If one were to grade the marketing efforts in the motorcycle industry, you’d be hard pressed to hand out a grade better than a B- to one of the major OEMs. While some companies have produced some brand value, carved out a defensible niche for themselves, or caught on to this whole internet fad thing, none of the OEMs really do a bang-up job of hitting all the standard marketing best practices.
If we had to single out one company that needs a letter sent home to mom, it has to be Aprilia, as the Italian company constantly proves itself to be the pants-on-head retarded (sorry Sarah Palin) window-licking moron (sorry again Sarah Palin) paste-eating buffoon (we’re not sorry for that one) of motorcycling media. Report card: F with a “does not play well with others” note attached.
We don’t know how a company with a sport bike history launches a new exciting motorcycle that wins the World Superbike Championship in its second year of campaigning, and still manages to get the snot beaten out of it by BMW in liter bike sales. How does a company fail to capitalize on that sort of accomplishment?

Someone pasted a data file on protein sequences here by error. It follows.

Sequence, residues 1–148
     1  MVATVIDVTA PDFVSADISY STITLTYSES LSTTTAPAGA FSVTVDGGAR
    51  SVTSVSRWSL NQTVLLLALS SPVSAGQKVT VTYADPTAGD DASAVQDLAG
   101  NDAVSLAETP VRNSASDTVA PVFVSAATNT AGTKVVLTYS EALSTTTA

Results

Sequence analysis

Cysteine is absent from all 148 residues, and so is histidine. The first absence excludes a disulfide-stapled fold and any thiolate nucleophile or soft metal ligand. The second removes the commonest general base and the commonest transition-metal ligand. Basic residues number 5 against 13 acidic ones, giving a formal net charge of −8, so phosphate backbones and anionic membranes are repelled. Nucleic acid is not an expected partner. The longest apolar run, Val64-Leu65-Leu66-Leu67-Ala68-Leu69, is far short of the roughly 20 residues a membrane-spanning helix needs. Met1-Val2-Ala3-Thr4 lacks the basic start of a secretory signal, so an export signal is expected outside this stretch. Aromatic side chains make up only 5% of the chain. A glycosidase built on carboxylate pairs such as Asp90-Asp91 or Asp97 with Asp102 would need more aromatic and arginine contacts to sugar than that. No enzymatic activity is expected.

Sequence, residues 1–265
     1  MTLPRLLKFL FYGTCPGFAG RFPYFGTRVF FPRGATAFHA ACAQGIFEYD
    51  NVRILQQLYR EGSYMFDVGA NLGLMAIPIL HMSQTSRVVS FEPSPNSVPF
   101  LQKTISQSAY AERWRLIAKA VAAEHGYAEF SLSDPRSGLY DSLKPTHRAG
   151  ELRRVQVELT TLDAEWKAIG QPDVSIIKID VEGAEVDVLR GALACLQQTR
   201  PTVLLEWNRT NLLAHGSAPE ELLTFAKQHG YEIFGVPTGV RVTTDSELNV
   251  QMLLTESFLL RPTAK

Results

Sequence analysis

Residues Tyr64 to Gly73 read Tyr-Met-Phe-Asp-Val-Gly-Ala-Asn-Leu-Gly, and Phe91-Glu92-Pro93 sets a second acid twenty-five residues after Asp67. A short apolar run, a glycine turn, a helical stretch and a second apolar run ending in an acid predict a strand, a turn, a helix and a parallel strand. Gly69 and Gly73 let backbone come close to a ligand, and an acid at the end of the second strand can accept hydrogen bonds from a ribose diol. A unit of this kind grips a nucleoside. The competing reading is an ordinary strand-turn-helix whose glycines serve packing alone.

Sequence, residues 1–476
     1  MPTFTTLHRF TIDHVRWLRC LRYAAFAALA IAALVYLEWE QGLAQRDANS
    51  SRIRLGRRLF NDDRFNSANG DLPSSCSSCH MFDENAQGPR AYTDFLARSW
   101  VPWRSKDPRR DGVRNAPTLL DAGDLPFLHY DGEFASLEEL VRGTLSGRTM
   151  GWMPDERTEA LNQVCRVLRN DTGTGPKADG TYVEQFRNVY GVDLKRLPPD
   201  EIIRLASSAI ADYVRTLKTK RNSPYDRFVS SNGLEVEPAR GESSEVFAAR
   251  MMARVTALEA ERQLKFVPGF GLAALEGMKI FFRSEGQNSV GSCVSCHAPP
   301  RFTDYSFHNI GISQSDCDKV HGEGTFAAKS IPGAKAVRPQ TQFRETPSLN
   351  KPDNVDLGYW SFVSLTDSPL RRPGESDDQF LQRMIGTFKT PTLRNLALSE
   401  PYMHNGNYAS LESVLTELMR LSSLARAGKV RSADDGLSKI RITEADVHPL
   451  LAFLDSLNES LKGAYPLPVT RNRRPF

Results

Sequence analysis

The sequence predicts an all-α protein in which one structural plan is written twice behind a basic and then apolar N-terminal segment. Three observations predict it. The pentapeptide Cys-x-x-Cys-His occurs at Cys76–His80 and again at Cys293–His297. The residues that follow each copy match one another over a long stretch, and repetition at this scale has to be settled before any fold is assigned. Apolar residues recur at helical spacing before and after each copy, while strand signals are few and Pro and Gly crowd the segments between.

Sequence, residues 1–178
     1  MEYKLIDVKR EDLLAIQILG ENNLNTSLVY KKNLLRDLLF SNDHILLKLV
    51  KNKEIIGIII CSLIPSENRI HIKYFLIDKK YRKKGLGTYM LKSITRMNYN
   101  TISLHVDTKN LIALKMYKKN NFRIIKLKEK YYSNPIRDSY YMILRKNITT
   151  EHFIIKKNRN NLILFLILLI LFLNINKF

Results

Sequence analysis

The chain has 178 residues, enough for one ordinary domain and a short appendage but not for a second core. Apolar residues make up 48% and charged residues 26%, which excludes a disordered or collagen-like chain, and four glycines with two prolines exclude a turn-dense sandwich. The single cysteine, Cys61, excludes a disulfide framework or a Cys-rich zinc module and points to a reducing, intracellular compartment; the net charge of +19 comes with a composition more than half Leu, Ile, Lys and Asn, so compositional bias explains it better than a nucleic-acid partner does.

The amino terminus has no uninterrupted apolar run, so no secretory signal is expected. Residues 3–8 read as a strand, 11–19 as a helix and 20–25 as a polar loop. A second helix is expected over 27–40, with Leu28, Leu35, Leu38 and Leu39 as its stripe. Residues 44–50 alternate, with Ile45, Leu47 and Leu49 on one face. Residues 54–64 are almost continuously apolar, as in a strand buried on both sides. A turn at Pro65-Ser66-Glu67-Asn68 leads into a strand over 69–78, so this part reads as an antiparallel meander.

Maybe it’s time someone in Aprilia HQ woke up and realized that the “race on Sunday, sell on Monday” sales slogan just doesn’t work, despite how cool it sounds when someone rattles it off like the eleventh commandment. Of course that cute little phrase might work better if dealerships were actually open on Mondays, but we feel like that’s asking far too much from the motorcycling industry sometimes.
We don’t know what we hate more about this video: the fact that it is really just not that funny, and makes an over-stated jab at Ducati riders (all of Aprilia’s marketing on the RSV4 as of late seems to be more about putting down the competition than promoting its own offering, which isn’t really that classy of a move for a “sophisticated” brand, let alone rarely results in sales increases), or the fact that Aprilia actually paid a social media company to make it.
The Italian company should just go back to buying off online publications to make its viral videos, at least those were mildly entertaining with their “I’m 18 and angry at my father” teenage angst, despite the clear conflicts of “reporting” going on.